AWS Advances Financial Services In The Cloud: News From Re:Invent 2022

By Paula Moorhead - January 9, 2023

Last week, 50,000 people convened in Las Vegas, and another 300,000 gathered virtually around the world for AWS re:Invent, one of the most anticipated tech events of the year. Chief Analyst Patrick Moorhead and Principal Analyst Anshel Sag attended live in Vegas. Other Moor Insights & Strategy analysts and I attended events virtually as AWS made several announcements throughout the week.

The cloud computing giant revealed a slew of new releases, upgrades, and initiatives, with plenty of them coming in the financial services industry. Overall, recurring themes at re:Invent 2022 were the introduction of intelligent applications, specialized industry solutions, and a modern data cloud—all of which suit financial services very well as they bring more speed and scalability that increases performance and service levels for consumers.

Time and again, AWS is showing its focus on leveraging cloud computing to help banks and other financial institutions move faster and serve end users better. Let’s examine some of these moves in more detail.

AWS and Trust Bank of Singapore Onboard 300K Customers in Two Months

Amazon Web Services Singapore Private Limited announced a partnership for AWS to power Trust Bank, Singapore’s first built-in-the-cloud digitally native bank. As a sign of its effectiveness, in two months of the collaboration Trust onboarded more than 300,000 retail customers. The companies tout the collaboration as giving Trust the agility to evolve rapidly based on consumer feedback and the scalability to support its fast-growing customer base.

Trust is backed by a partnership between Standard Chartered Bank and FairPrice Group and is the first of a new wave of digitally native banks in Singapore. To serve the evolving needs of digital-first consumers, Trust is deploying Amazon Elastic Compute Cloud (Amazon EC2) for scalable compute capacity without hardware constraints and Amazon Relational Database Service (Amazon RDS), a managed service for setting up, operating, and scaling a relational database in the cloud. Using real-time data, including consumer feedback and transaction history, Trust can upgrade its customer experience with improvements to its app, including customizing payment options and credit limits. The solution allows the bank to iterate quickly to provide a seamless and engaging user experience.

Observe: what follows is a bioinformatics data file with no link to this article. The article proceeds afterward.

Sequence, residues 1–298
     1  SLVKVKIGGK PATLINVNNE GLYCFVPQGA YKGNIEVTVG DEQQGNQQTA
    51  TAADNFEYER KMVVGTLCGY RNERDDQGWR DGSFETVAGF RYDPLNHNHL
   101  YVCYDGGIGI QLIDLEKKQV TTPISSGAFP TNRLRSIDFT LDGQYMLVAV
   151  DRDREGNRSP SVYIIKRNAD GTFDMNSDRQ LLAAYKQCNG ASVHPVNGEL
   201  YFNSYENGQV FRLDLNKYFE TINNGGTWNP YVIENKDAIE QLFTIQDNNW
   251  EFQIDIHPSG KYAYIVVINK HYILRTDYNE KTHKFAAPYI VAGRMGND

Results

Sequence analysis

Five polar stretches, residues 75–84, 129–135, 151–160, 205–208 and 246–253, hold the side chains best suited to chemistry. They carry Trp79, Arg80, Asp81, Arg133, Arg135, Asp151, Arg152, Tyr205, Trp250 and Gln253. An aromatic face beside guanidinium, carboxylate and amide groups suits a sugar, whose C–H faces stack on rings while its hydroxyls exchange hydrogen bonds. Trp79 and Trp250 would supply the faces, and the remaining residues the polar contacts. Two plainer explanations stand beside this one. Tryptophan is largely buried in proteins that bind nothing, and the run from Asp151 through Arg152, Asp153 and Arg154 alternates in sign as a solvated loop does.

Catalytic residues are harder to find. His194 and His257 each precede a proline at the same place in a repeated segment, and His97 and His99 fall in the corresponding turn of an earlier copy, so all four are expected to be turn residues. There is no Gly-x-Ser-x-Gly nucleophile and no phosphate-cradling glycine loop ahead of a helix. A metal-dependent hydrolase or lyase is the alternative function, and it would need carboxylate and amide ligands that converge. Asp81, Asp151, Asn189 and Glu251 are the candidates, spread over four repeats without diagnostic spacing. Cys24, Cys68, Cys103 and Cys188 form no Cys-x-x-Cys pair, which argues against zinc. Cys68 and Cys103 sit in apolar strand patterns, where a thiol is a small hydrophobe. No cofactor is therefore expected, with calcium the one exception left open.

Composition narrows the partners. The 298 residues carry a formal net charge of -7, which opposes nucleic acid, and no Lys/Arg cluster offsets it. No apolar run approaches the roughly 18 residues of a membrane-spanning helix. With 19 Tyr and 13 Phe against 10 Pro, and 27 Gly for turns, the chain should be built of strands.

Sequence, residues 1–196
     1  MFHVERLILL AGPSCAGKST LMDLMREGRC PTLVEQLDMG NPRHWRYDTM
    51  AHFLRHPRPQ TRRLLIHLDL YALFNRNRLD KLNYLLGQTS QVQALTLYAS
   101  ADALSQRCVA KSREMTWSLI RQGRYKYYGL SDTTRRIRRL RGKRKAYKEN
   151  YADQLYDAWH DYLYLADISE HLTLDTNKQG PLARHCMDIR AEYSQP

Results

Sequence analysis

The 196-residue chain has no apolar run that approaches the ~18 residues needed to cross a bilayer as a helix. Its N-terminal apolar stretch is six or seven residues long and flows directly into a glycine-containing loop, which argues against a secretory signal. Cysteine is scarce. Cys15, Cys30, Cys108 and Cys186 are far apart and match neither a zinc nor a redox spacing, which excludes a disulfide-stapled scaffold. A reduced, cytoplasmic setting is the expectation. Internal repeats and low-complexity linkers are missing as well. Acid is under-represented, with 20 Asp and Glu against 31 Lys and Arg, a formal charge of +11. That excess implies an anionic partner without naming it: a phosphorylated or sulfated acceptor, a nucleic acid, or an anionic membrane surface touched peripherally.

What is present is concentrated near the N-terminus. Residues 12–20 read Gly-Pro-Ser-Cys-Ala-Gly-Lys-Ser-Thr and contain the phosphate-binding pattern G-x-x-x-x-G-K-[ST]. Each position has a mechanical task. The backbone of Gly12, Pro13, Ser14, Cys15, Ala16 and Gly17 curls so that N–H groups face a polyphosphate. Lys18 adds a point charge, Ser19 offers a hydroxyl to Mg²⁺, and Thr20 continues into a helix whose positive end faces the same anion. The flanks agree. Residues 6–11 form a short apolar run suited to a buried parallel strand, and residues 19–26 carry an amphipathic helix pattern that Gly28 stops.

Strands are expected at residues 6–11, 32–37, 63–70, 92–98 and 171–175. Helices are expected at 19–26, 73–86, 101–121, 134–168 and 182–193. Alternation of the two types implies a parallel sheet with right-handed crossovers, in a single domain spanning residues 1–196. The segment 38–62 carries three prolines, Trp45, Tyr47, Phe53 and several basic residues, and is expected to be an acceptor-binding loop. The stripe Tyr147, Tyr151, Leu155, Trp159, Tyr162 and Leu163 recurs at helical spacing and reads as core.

Thanks to AWS, Trust now offers consumer-facing conveniences such as onboarding times of less than four minutes for a savings or checking account, a first-to-market numberless credit card, and the ability to consolidate debit and credit cards by simply choosing one or the other in the app. The AWS Asia Pacific (Singapore) Region provides support for Trust platform customers across multiple Availability Zones with ultra-low latency for a seamless experience. AWS also helps the bank meet all compliance requirements for data residency.

The benefits of a built-in-the-cloud bank go beyond eliminating the time and expense invested in a digital transformation with little to no learning curve for bank associates or its customers. While many financial institutions (FIs) migrate to the cloud from legacy hardware and software, building cloud-based banking architecture from scratch allows for multi-channel onboarding, transactions, payment processing, and more. Operating in the cloud with real-time data will enable FIs to react quickly to ever-changing consumer demands and preferences and promptly respond to competitive threats. Cloud infrastructure can also help FIs’ compliance position around audits, data encryption, event logging, and more.

AWS and Timo Bank Bring Financial Services to the Unbanked In Vietnam

AWS also announced a partnership with Vietnam's Timo Bank, one of the country's leading digital banks, to build a core banking platform on AWS in a six-month timeframe. Timo plans to scale the cloud-native banking business and acquire five million new customers within three years.

Using AWS' compute, data analytics, and machine learning capabilities, Timo is bringing accessible digital banking services such as online payments and savings accounts to its customers in Vietnam via their mobile devices. The bank focuses on economic empowerment for the 69% of the country who are unbanked. Even though it has one of the fastest-growing economies in the world, Vietnam ranks near the top of the list of the most unbanked nations. Many of the country’s residents live too far from a bank, don’t have sufficient documentation to open accounts, or simply don’t trust the system. Ample access to inexpensive mobile devices, however, has changed banks' ability to reach the underserved population.